One Thing That Can Overcome Money Mistakes

Get back up like Rocky Balboa.

Toddlers fall a lot.

Research tells us two-year-olds fall 38 times a day.

When these children fall down, they get back up. They learn to walk.

Most of us are toddlers when it comes to money. We are learning as we go and are bound to fall.

We rack up debt in the form of student loans and credit cards, limiting our ability to save and invest in our future. Emergencies can be devastating, especially when 56% of Americans can’t cover a $1,000 bill with their savings.

You can overcome money mistakes and learn to walk with your finances.

The deeper the hole you find yourself in, the more work it will take to stand up, but there are many examples of people who have overcome.

You only lose if you don’t get back up.

Early in my adult life, I didn’t understand money at all. I bought a car, and it was a total money pit. My local bank was happy to give me a credit card, though, and I used that card to fix my car.

The car continued to try to die, and I kept dumping money onto my credit card to keep it alive. Soon, my balance was sitting at the limit. So I got another card.

Rinse and repeat.

It didn’t take long to dig a pretty big hole. My military salary was small, and my newfound credit card debt was enormous. I’d fallen into this hole, and the bottom was getting deeper.

I was on track to becoming a lifelong financial disaster.

I still didn’t know diddly about personal finance, but I knew debt hurt — a lot.

Leaving the military was my first act of getting up.

That move led to a job with substantially more income. I also acknowledged how crappy I felt living under that mountain of debt.

I got back up — made sacrifices, like eating ramen, living without air conditioning in Florida, and skipping nights out with friends. My focus was like a laser on that debt.

Some days I would make progress. Others weren’t so nice. A sucker punch would sneak through from time to time: more car troubles or a pet medical bill.

These days sucked.

Sometimes I felt like not getting back up, giving in to a life with debt.

Progress was slow.

Years passed, and I kept working on that debt — a setback, some progress.

Then one day, I sent my final credit card payment. My balance was zero!

Rocky Balboa took a lot of hits and fell many times, but he always got back up. I’m not Rocky, but it felt pretty damn good to beat that debt.

One victory doesn’t make you a financial pro.

You might have created a positive net worth; if you have, congratulations. That’s a huge accomplishment.

One of the best ways to build wealth is to spend less than you make and save the rest. Sometimes this comes easy. But life happens, and we get sucked in.

Perhaps you need to get that new electric vehicle. I mean, the cost of fuel these days is out of control. Why not drop $60K on a new car.

Hey, I’ve been there. Sometimes material possessions are calling our name. My weakness has always been cars. I suppose it has something to do with my first experience with a used car.

I’ve owned more than my fair share of cars. If you listen to advice from the financial independence community, cars are a terrible way to spend your money. Spending like this will knock you down and off your path to financial independence.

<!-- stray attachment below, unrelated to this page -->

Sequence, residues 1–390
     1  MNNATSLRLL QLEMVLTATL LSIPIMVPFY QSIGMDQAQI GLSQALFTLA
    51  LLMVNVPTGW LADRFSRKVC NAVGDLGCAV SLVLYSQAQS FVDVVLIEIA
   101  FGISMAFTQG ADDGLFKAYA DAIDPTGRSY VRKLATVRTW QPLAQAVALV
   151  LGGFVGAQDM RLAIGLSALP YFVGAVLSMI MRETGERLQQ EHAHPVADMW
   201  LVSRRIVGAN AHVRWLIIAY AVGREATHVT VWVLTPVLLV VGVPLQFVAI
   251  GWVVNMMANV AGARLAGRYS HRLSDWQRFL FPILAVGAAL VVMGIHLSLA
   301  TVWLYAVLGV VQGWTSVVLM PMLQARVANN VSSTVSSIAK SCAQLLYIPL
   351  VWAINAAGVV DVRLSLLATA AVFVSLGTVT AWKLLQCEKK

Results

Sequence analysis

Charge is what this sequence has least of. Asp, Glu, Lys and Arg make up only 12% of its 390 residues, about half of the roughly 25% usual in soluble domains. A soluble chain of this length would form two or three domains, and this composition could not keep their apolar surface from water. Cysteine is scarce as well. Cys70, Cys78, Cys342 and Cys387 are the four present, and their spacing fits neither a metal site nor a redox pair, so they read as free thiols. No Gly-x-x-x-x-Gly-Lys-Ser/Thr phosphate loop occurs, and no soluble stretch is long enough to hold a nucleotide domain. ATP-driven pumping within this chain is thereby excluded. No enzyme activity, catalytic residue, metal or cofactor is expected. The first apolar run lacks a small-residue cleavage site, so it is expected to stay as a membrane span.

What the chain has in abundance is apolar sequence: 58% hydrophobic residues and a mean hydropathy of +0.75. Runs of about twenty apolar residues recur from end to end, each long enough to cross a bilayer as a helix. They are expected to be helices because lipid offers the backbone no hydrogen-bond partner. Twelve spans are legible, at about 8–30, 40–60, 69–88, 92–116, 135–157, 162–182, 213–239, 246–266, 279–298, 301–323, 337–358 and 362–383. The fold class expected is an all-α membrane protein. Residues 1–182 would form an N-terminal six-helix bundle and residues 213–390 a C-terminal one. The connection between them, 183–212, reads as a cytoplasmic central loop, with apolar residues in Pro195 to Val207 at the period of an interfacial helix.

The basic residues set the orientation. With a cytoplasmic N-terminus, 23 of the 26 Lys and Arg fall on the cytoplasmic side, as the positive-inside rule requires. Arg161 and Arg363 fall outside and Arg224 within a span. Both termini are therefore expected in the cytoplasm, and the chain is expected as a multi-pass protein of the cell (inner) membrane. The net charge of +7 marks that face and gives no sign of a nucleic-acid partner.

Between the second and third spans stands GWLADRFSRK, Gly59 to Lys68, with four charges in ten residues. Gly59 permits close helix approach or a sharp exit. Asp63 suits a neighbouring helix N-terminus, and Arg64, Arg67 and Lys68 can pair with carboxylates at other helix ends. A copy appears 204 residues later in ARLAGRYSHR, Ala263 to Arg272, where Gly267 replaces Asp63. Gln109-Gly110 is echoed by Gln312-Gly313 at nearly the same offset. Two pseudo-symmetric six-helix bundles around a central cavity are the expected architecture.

I thought I was smart. I hired a financial planner and paid myself first. Then I bought cars with the rest. My financial planner had no problem with my car habit. She only seemed to care that I invested with her first.

Paying myself first was a huge win. My stumbles with cars did hurt my financial progress, but the foundational savings habit was in place.

The impacts of my spending decisions weren’t as easy to recognize as my original debt struggles. My net worth was increasing. I was making progress towards my goals.

Yet, spending money on possessions like cars was like running with a parachute attached to my back.

It took many years and many cars for me to wake up and realize this behavior slowed me down. I thought of this spending as a reward for my hard work.

Ultimately, I realized I wouldn’t need to work so hard if I quit spending on such things.

If your goal is to reach financial independence as fast as possible, falls created by spending on material possessions like cars can derail you.

Ultimately, this fall cost me time in a stressful job.

You have to decide what is most important. Deprivation to reach your goal is harsh. Too much indulgence will delay your goal date at a minimum.

Get up, don’t give up.

Financial journeys are not easy.

The easiest path is to give up and just live with debt. Forgo the future of your dreams and become an average person.

You may not have the means to become financially independent, save a million bucks, and retire early. That doesn’t mean that you can’t be financially successful.

The smarter you are with your money, the better off you will be in the long run. It’s critical to get back up when you fall.

Seek employment that will increase your ability to pay off your debt and build wealth. You have to drive this.

No one is going to give this to you.

Learning to walk wasn’t easy. You fell a lot.

You got up, and you learned to walk.

You can become a financial success. You can defeat debt and create positive net worth.

There will be stumbles and falls. It will hurt.

You will even fall after you think you know a thing or two.

But if you get up, you won’t lose.